So, now we know who was allegedly behind the attempted pipe bomb attacks against various and sundry Democrats in media and politics: a crazy 56-year-old guy with a long criminal history, a shocking number of pro-Trump bumper stickers on his van, and an inglorious record of criminal threats against various Democrats on his social media.
Here’s a picture of Crazy Guy’s van:
So, he’s a Crazy Guy. There has always been an inverse proportionality between sanity and the number of bumper stickers on your van.
Nonetheless, we’re now having a national conversation about issues unrelated to the Crazy Guy. That’s because the media are fully invested in finding a way to blame President Trump for Crazy Guy, even though he’s a Crazy Guy.
So, some thoughts.
1. Politicians Are Not Responsible For Inciting Violence Unless Their Rhetoric Amounts To Incitement. Naturally, the media excitedly reported that because this particular Crazy Guy happened to be a huge Trumpster, that means that President Trump’s rhetoric was responsible for Crazy Guy sending pipe bombs through the mail. They made no similar argument regarding the Congressional baseball shooter last year – an enormous Bernie Sanders fan who began firing at Republicans while shouting, “This is for health care!” just weeks after Sanders stated that Republican health care plans would kill millions of Americans. Neither Trump nor Sanders are responsible for crazy people doing crazy things. I said so in 2017 with regard to Sanders; I said so in 2016 with regard to Barack Obama; I agree with me now.
2. Some Political Rhetoric Is More Closely Connected With Incitement Of Particular Violence Than Other Political Rhetoric. Rep. Maxine Waters (D-CA) blamed President Trump for the bombing attempts pre-emptively, before knowing who the suspect was. She stated, “I think the president of United States should take responsibility for the kind of violence that we are seeing for the first time in different ways.” This is the same Maxine Waters who, just months ago, suggested, “if you see anybody from that Cabinet in a restaurant, in a department store, at a gasoline station, you get out and you create a crowd and you push back on them and you tell them they’re not welcome anymore, anywhere.” It’s not too aggressive to state that Waters’ rhetoric may have incited mob confrontations against Republican politicians. And for what it’s worth, I said the same about President Trump’s hot talk about punching protesters – when Trump said he might pay the legal bills for a man who sucker-punched a protester, that looked like incitement to punch protesters. But Waters isn’t responsible for nut cases sending Senator Susan Collins (R-ME) ricin, and Trump isn’t responsible for attempted bombings. Not all incitement is incitement to attempted murder.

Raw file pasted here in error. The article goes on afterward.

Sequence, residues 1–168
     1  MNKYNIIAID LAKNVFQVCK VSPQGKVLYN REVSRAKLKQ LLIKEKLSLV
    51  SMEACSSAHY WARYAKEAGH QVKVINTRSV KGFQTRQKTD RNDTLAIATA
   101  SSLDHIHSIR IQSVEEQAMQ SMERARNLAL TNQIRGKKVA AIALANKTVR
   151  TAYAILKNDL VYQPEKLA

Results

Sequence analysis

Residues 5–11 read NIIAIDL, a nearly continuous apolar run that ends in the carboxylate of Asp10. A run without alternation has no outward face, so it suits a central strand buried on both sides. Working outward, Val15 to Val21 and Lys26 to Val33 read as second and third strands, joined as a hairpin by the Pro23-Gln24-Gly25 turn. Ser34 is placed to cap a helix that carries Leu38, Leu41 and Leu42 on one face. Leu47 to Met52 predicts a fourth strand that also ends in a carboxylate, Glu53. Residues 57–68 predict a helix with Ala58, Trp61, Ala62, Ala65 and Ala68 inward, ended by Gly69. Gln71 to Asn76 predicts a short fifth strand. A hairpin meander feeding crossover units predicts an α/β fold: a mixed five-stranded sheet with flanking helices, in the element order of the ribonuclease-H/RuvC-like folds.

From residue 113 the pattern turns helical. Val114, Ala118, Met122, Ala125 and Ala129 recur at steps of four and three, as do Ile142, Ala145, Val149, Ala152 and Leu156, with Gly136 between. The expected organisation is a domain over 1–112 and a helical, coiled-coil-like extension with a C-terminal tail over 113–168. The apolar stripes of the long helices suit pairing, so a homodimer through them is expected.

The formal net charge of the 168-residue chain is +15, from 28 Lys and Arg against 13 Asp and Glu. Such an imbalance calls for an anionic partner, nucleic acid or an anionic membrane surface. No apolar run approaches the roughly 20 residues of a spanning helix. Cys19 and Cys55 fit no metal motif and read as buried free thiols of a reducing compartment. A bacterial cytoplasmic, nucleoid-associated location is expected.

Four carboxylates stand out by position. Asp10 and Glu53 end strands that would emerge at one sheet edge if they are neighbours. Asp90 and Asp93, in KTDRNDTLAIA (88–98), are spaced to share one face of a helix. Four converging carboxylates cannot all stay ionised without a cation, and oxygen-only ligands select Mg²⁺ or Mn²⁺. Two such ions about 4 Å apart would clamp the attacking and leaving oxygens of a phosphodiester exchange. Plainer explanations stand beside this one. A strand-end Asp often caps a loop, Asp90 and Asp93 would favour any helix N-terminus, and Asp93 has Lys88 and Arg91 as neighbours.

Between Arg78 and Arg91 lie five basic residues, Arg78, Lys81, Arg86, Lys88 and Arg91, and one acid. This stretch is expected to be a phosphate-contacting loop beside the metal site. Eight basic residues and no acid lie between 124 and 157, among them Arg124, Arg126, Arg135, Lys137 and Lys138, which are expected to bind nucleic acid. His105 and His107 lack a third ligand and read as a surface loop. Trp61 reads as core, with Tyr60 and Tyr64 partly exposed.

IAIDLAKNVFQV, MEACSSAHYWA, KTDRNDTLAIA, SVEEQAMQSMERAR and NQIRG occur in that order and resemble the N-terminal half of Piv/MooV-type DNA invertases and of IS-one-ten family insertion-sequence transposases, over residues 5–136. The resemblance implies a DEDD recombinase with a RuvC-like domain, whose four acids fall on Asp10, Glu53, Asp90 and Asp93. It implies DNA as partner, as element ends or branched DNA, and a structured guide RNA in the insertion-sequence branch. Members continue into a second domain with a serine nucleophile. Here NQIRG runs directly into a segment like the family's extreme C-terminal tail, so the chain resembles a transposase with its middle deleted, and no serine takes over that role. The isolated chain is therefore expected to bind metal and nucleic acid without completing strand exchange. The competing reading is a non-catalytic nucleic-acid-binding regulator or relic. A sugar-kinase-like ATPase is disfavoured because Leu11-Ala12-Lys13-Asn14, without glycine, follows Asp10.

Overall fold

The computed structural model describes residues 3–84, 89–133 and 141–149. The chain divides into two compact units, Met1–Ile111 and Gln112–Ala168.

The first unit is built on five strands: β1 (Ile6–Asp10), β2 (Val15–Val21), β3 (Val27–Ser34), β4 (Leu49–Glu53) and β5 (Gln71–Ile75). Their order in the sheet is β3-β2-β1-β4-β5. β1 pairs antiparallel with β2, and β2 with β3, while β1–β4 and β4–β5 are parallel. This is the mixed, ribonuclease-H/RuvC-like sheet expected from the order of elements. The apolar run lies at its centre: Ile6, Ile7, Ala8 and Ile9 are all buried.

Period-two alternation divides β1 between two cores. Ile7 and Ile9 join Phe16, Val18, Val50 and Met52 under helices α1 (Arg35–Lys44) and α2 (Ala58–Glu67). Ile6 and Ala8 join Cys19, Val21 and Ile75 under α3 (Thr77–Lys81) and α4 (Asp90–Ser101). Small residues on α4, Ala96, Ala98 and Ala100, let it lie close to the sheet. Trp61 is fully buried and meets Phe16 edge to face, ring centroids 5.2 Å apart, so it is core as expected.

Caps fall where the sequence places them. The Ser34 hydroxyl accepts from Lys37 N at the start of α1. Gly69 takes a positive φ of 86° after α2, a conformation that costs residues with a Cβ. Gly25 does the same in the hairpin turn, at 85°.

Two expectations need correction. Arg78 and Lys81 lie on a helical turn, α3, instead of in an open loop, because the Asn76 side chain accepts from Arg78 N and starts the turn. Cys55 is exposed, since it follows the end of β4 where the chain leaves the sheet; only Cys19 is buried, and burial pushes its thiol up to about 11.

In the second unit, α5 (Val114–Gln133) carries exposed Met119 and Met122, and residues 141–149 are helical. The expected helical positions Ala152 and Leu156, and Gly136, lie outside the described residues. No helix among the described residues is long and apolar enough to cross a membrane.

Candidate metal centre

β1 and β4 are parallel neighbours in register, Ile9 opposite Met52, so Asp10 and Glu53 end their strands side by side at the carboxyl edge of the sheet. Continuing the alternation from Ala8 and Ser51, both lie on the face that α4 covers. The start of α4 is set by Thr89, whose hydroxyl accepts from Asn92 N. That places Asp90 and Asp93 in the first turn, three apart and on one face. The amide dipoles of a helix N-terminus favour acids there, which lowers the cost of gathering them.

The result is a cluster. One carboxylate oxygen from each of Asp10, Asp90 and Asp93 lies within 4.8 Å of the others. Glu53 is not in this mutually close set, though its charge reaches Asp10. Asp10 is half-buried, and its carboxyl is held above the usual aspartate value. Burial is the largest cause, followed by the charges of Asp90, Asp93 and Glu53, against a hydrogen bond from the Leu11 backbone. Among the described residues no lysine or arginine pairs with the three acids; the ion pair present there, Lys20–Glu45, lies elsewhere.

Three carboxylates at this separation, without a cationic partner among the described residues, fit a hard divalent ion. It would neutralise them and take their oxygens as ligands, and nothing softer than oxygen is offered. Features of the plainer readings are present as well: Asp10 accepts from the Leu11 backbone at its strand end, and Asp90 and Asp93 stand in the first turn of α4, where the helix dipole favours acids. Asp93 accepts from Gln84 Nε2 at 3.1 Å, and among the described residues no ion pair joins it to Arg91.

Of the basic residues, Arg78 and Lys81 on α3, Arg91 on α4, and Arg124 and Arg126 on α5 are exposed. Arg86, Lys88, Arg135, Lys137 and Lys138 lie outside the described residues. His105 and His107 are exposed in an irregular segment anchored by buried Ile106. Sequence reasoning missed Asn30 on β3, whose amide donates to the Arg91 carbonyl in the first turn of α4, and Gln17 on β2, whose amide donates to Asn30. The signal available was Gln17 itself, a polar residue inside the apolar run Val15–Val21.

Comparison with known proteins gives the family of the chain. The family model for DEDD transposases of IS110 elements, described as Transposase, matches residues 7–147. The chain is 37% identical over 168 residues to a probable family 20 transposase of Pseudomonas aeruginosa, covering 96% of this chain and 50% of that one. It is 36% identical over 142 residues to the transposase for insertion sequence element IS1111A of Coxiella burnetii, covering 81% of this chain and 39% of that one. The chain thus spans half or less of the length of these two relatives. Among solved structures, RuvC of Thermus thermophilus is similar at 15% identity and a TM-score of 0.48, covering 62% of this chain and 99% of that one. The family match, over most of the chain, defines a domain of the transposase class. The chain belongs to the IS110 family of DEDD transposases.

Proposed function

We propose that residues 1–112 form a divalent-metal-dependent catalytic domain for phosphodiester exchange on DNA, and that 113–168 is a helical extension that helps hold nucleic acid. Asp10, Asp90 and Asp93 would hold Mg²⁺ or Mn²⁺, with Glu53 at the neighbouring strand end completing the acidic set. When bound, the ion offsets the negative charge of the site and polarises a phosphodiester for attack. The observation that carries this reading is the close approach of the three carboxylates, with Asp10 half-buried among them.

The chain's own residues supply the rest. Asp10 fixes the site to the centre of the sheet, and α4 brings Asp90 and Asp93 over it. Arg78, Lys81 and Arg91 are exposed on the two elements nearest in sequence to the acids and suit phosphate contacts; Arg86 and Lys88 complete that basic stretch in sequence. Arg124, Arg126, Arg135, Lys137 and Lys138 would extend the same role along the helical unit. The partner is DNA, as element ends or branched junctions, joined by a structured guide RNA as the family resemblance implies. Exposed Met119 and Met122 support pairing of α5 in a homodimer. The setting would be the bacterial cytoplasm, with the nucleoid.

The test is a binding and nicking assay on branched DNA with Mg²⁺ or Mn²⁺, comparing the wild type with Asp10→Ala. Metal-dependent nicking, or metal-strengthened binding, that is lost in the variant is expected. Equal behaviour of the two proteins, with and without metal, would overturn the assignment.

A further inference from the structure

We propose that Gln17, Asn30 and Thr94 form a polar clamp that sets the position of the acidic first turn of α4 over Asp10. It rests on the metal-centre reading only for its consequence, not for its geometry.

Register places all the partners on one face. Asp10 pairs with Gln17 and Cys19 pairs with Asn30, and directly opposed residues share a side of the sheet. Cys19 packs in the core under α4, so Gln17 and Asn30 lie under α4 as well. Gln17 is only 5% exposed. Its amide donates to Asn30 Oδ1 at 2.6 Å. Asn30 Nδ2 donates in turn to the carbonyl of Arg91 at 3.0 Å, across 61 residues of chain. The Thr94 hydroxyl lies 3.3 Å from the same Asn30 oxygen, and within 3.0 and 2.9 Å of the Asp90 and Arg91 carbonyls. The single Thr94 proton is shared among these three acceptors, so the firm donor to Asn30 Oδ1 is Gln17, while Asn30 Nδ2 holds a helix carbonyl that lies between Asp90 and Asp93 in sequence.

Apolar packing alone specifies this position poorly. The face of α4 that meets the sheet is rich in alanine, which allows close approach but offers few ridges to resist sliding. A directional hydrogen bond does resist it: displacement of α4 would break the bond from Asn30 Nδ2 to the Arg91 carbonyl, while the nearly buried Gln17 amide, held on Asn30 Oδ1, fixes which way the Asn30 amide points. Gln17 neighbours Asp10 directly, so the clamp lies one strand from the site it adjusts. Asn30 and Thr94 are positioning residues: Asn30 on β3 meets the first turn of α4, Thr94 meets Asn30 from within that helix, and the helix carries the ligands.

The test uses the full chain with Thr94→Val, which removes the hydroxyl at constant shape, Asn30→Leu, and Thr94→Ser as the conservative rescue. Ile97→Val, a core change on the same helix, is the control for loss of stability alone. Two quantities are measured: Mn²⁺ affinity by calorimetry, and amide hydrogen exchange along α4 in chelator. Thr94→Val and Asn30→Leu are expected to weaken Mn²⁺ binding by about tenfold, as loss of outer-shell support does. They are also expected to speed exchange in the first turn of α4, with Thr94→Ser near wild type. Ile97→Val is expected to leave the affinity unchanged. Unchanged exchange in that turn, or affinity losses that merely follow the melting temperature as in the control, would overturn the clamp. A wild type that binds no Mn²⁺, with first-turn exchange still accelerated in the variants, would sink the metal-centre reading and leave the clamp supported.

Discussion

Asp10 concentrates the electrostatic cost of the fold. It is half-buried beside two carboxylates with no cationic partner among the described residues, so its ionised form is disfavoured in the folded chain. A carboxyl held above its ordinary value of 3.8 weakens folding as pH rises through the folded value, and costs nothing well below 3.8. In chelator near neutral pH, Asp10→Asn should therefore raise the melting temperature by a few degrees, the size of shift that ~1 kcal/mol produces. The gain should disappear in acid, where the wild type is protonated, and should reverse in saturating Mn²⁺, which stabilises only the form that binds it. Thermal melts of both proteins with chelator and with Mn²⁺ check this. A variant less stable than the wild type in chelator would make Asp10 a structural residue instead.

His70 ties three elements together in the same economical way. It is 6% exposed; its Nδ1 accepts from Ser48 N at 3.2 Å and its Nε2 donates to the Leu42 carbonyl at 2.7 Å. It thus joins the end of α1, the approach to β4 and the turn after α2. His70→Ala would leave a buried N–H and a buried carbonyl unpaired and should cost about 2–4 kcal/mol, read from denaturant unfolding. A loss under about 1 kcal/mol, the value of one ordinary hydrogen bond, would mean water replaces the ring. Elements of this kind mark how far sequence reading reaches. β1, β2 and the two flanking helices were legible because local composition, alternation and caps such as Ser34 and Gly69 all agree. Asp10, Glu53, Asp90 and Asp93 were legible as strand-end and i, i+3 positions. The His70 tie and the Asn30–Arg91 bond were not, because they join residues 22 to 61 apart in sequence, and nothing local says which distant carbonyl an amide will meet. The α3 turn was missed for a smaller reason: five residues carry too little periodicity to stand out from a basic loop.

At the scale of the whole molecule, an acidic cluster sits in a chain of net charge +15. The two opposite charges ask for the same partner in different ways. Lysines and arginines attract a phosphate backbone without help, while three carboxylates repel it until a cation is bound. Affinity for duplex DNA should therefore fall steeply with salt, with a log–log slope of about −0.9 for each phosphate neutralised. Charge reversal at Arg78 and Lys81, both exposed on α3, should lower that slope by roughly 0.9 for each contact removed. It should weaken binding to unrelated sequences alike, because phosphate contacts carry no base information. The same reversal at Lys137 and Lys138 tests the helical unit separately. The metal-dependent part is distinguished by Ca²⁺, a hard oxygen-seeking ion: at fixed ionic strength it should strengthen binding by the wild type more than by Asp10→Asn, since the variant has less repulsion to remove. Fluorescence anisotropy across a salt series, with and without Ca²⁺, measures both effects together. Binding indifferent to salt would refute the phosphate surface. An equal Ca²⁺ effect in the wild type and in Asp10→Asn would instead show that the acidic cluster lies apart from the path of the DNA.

3. Treating Right-Wing Rhetoric And Left-Wing Rhetoric Differently Leads To More Polarization. We should all be worried about the political climate right now. It does inspire more fringe people to act in crazy ways. But there is a difference between inspiration and incitement. And it’s also important to recognize that one of the ways you can heat up a political climate is by blaming one side alone for that political climate. Let’s take at face value the Left’s argument that Crazy Guy was inspired by Trump’s hatred for the media, and his constantly overheated rhetoric. Based on the evidence, it’s also true that Crazy Guy was inspired by the media’s hatred for Trump, and their constantly overheated rhetoric. Just because Crazy Guy was crazy doesn’t mean the media have acted responsibly for the past several years, just as Crazy Guy’s craziness doesn’t mean Trump has. It turns out that it’s bad when President Trump targets and lies, and it is also bad when Leftists target and lie. Reactionary idiocy on all sides is more likely to heat up the climate, cudgeling people into either evidence-free “FALSE FLAG!” insanity or evidence-free “TRUMP IS HITLER!” insanity. If you wish to reduce the temperature of our political climate, everybody has to stop blowing hot air.
4. Conflating Overheated Rhetoric And Violence Is A Dangerous Game, Too. Worrying about the political climate is worthwhile. Conflating overheated rhetoric with incitement is dangerous. For years, we’ve been watching as campus radicals suggest that speech is violence, and use that as an excuse to participate in actual violence. If we want a free country, we’re going to have to tolerate abrasive speech, nasty speech, speech we don’t like. Speech isn’t violence, and speech isn’t responsible for violence unless it calls for violence. As I wrote yesterday:
[I]n terms of mental health, the American body politic is like a series of concentric circles: a core of mentally healthy people who won’t commit political violence no matter what, a larger group of people who can easily distinguish heated rhetoric from violently inciting rhetoric, and a very small fringe of people, often mentally ill, who could react violently to heated rhetoric. Our law and morality has never held that rhetoric’s effect on that small fringe outweighs the actual content or intent of the speech. To do so would be to attack the core of speech.
Unfortunately, things are about to get worse, not better. These rather common sense observations are likely to be ignored by both sides. Partisans will continue to suggest that overheated rhetoric from the other side – and only the other side – is responsible for violence. And so we’ll continue to spiral downward, maintaining our own virtuous rectitude and the other side’s violent evil all the while.